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California-school mind control: grades for “Gratitude” by Jon Rappoport

January 30, 2015

The Sacramento Bee has the story. 1/27/15, “Grit and gratitude join reading, writing and arithmetic on report cards,” by Loretta Kalb:

“Across the state, report cards are undergoing a sea change in how students are measured for academic performance. Where teachers once graded students [only] on traditional math or English skills, they now judge attributes such as grit, gratitude or being sensitive to others…Districts are changing their report cards to reflect the new Common Core State Standards…”

“…when it comes to attributes such as grit or being sensitive to others, they [teachers] give [third-grade] students one of four marks: A for almost always, O for often, S for sometimes and R for rarely.”

Report cards for young children. Grit, gratitude, and sensitivity to others. Welcome to the madhouse.

Where are the massive parent protests? Apparently, nowhere. So they’re brainwashed as well.

In case I need to point this out: a child of eight isn’t naturally gushing gratitude and sensitivity toward others. In schools, these are taught values, and they are now attached to report-card grades. The child is being conditioned to behave in prescribed ways, in order to earn a “gold star.”

It’s all synthetic, artificial. It’s operant conditioning. The baffled clueless child learns to take cues. He learns to speak certain “grateful sensitive” words. He becomes a waddling little duck who’s taught how to quack. They all quack in concert.

As far as the schools are concerned, the child mustn’t think of himself as independent. There are no positive grades for that. Early on, he’s led into the goo-pond with the other kids.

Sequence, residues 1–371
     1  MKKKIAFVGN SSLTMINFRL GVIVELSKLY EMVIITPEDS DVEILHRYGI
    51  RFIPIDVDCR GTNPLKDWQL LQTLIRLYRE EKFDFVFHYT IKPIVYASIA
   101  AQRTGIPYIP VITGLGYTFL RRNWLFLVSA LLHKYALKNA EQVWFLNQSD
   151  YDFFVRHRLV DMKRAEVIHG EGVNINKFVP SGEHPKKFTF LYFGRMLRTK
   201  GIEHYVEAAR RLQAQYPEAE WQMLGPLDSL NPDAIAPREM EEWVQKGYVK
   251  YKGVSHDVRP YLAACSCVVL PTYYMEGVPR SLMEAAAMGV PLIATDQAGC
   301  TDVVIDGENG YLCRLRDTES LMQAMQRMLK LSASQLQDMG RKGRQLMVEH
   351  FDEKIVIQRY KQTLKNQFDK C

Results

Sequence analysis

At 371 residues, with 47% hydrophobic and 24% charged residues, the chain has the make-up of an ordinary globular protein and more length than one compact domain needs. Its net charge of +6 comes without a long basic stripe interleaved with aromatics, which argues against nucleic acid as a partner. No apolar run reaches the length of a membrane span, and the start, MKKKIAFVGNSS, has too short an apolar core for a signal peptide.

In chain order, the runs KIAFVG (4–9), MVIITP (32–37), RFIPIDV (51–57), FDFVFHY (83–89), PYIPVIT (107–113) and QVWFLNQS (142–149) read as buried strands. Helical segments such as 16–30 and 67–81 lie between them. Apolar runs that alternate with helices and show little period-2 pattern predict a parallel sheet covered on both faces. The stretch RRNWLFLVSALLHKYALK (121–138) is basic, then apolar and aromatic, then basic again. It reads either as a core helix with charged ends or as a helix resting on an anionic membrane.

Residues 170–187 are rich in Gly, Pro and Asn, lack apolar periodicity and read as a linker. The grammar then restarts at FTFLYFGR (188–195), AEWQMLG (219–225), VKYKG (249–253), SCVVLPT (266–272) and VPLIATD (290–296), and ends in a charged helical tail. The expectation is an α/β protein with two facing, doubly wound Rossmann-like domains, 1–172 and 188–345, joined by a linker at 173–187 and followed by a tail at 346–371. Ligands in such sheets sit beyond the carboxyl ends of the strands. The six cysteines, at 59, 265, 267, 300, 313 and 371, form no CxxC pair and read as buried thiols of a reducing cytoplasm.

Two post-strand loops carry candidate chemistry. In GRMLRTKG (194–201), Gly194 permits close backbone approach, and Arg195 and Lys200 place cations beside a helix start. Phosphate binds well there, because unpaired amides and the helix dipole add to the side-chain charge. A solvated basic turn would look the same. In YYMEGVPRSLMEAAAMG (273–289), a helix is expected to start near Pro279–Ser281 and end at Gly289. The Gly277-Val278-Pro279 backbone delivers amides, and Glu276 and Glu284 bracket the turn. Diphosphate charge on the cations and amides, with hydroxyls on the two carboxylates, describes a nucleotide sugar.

The parents, clueless as well, can make no distinction between what a child learns on his own and what he is taught and how he is taught (conditioned). If the child appears appropriately “grateful and sensitive,” then he actually is.

The mothers and fathers are in for quite a surprise, later on, when their kid rebels against all this mind-control and turns into a hostile force. Or knuckles under, and acts like a perfect android.

This method of programming comes from the school of psychological behaviorism. Its foundation is the idea that personality develops from conditioning—because there is nothing else.

“No one is home” until someone else teaches him “how to be.” And that’s life, that’s experience, that’s perception. Case closed.

This is all true for a computer or a car or a toaster, but it doesn’t happen to be true for a child.

[pullquote align=”left|center|right” textalign=”left|center|right” width=”30%”]Let’s stop calling them schools. Let’s call them conditioning centers.[/pullquote]

“Yes, my little Jimmy is doing quite well at the conditioning center. He says ‘please’ and ‘thank you’ forty times a day. His sensitivity responses are in the ninetieth percentile, and his gratitude quotient is eighty, up from seventy-two a year ago. We’re thrilled. Last night, when we went for ice cream, he told us he appreciated our sensitivity to his preference for a cone over a dish…”

Flash forward a few years: “We don’t understand. Jimmy burned down the garage last night. When we asked him why, he stared at us in a challenging kind of way and said he was expressing his gratitude for fire. The psychiatrist told us over the phone that Jimmy has a dissociative disorder. He needs medication to calm him down. He has a chemical imbalance…”

Or how about this: “Last week in school our Bobby learned more about sexual parts of the body. He was also instructed about gender-reassignment surgery. He told us he was sensitive to people’s choices in life…”

Good for you, Bobby.

It’s wonderful. Who are these crazy terrorists who want to home-school their kids?

Jon Rappoport

The author of three explosive collections, THE MATRIX REVEALEDEXIT FROM THE MATRIX, and POWER OUTSIDE THE MATRIX, Jon was a candidate for a US Congressional seat in the 29th District of California. He maintains a consulting practice for private clients, the purpose of which is the expansion of personal creative power. Nominated for a Pulitzer Prize, he has worked as an investigative reporter for 30 years, writing articles on politics, medicine, and health for CBS Healthwatch, LA Weekly, Spin Magazine, Stern, and other newspapers and magazines in the US and Europe. Jon has delivered lectures and seminars on global politics, health, logic, and creative power to audiences around the world. You can sign up for his free emails at or OutsideTheRealityMachine.